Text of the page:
This is a little off my normal trajectory, but I had some discussions with friends about the latest film on the life of Edith Piaf. You can read what the critics and reviewers online say, but what I felt after being totally gripped by the passion and poignancy of the biographical portrayal was how the gift from the Creator survives the wildest torments of incarnational existence. In the case of Piaf, the gift emerged despite lack of childhood advantages, coaching, and patronage in her early life and despite more tragedy, morphine, and illness later in life.

This is as it must be because the gifts we have are part of our immortality so it is not at all unreasonable that “Je ne regrette rien” would survive years beyond the grave when the masks of various substances and losses have long since faded from memory.

Thus, in the music, we found the soul whose totally French sound no doubt contributed to the renaissance of French culture and confidence following the devastation of two wars. However, the sound is not just French because it touches the souls of those who listen, giving them courage to continue despite unbelievable obstacles and pain.

I was touched by Piaf and am disinclined to criticize the film because whether one likes this or that about it, it juxtaposes light and dark in a way only a great artist can, and it forces us to see that the light lives in the darkness even when the darkness seems totally despairing.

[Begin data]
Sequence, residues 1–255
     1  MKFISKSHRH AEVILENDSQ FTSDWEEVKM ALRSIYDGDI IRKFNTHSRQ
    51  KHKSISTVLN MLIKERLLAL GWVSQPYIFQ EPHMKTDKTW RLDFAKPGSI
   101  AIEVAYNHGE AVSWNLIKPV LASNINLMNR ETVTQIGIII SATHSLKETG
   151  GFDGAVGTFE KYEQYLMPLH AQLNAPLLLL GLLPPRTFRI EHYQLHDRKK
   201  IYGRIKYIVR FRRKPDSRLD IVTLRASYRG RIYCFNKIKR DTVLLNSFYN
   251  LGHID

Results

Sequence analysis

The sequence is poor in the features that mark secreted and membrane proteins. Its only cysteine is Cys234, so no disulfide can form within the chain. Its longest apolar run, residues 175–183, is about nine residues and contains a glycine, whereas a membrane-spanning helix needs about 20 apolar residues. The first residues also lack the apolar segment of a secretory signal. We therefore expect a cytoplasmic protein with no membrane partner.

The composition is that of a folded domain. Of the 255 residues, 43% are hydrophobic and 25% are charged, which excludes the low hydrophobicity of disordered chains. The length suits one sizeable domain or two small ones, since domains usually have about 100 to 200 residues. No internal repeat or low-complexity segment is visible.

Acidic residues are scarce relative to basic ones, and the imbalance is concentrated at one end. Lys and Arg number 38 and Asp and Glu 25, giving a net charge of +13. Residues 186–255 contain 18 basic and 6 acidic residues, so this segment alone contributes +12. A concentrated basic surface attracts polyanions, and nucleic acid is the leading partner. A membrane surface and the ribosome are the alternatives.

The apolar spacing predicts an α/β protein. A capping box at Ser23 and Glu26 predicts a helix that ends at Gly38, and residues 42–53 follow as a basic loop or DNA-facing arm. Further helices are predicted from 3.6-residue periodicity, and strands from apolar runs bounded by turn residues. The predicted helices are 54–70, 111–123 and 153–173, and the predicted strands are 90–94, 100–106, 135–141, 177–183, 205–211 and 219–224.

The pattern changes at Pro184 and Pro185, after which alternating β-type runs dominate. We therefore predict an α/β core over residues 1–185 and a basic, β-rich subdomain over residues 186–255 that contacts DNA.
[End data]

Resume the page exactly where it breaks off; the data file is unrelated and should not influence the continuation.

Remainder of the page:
The film made me think about my own gifts and the gifts of others. For instance, I had the great good fortune to have met David Helfgott in Adelaide in 1990 and to have sat on the piano bench while he played Chopin and sketches from the Grand Canyon Suite and anything else that popped into his imagination. Again, we see that regardless of the devastation of the psyche, the gift remains, and thus it is with all who bring their gifts forward and into the light.

It made me think how difficult we make this process when we put obstacles up in front of souls who for one reason or another do not conform to our concepts of what should be. Our society is trying to crank out better computer programmers and is neglecting much of what gives humanity its raison d’etre.

See the film and see if it touches you as much as it did me.


Copyright by Ingrid Naiman 2007
First Posted to Subscribers on Posted to Subscribers on 16 August 2007